The above discussion considered the number of lineages under a birth-death model, but not their phylogenetic relationships. However, just by keeping track of the parent-offspring relationships among lineages, we can consider birth-death models that result in phylogenetic trees (e.g. Figure 10.2D).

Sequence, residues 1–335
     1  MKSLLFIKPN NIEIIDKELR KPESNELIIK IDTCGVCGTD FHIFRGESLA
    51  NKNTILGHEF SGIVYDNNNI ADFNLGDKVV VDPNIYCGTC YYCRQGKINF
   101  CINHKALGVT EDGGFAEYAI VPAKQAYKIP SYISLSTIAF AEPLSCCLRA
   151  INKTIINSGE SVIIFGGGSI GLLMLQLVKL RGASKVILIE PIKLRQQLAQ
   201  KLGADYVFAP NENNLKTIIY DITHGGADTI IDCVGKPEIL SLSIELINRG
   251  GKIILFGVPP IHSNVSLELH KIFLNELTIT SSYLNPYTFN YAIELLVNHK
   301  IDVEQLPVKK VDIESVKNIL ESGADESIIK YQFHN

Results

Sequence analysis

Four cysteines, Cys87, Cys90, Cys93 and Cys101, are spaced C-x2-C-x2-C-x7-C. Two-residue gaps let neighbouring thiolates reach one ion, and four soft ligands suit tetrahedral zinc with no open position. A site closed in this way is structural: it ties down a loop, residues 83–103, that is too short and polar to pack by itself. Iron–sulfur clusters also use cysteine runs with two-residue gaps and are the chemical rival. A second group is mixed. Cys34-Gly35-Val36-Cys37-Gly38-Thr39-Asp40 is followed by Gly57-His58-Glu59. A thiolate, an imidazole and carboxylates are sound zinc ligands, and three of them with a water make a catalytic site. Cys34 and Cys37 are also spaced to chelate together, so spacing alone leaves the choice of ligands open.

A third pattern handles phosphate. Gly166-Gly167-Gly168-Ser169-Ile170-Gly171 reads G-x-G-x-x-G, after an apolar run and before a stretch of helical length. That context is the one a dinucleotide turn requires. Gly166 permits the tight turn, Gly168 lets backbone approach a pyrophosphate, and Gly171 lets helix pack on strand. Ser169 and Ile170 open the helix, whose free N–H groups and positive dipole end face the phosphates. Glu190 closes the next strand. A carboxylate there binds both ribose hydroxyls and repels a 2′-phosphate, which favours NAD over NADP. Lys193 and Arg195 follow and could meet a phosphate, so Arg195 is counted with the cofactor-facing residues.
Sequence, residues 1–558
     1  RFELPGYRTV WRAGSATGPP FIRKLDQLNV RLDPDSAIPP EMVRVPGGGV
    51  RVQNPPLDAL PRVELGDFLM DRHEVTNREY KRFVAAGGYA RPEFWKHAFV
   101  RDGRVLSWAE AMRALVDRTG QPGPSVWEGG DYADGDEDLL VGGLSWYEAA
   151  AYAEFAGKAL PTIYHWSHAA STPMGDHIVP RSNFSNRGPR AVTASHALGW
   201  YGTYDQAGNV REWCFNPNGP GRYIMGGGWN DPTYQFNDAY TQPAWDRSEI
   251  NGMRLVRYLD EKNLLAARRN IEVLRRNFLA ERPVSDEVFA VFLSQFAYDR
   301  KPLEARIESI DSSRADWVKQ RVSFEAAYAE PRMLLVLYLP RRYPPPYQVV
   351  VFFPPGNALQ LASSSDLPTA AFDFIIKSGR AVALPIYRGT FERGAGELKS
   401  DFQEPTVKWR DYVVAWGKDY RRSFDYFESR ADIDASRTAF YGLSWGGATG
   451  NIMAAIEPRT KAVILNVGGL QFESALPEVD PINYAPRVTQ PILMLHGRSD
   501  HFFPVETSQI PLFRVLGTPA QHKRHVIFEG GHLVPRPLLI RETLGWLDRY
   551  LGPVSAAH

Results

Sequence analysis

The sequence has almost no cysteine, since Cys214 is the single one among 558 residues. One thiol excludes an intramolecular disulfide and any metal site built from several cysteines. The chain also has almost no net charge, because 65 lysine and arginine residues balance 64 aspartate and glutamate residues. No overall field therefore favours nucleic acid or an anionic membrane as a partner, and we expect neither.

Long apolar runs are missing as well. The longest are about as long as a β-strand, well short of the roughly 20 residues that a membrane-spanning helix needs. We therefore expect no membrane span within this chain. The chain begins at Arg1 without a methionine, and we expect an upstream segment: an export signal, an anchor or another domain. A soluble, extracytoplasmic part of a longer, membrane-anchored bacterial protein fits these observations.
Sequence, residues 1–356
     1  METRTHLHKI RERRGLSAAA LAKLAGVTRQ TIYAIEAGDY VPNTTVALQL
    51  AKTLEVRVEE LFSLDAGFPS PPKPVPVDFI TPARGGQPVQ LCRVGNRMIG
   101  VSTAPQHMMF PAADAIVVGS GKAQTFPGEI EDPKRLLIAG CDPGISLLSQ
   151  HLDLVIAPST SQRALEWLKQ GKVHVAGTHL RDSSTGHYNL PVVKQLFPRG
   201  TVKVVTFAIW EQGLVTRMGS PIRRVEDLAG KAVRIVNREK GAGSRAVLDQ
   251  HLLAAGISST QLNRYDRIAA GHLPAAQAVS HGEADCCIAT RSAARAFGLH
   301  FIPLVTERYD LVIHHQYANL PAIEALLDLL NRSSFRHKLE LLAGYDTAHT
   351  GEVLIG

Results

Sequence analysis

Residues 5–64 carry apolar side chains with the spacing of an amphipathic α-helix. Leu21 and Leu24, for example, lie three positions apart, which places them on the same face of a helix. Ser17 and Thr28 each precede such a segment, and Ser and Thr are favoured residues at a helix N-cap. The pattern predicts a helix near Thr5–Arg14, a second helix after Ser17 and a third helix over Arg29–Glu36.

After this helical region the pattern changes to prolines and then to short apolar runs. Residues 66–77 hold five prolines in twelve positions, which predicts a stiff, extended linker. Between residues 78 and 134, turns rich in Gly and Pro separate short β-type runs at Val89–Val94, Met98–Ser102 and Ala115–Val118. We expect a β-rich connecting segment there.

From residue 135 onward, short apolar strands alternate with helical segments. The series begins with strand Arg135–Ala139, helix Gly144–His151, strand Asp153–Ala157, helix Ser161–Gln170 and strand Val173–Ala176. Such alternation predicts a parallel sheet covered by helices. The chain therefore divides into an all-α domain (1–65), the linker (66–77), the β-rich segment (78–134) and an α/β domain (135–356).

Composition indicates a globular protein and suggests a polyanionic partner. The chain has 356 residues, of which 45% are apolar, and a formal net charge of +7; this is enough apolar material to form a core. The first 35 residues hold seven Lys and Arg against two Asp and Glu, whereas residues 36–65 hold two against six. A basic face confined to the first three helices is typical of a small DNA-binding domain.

The main complication in phylogenetic studies of birth-death models is that we get a “censored” view of the process, in that we only observe lineages that survive to the present day. In the above example, if the true phylogenetic tree were the one plotted in 10.5A, we would only have a chance to observe the phylogenetic tree in figure 10.5B – and even then only if we sampled all of the species and reconstructed the tree with perfect accuracy! A partially sampled tree with only extant species can be seen in Figure 10.5C. I will cover the relationship between birth-death models and the branch lengths of phylogenetic trees in much more detail in the next chapter.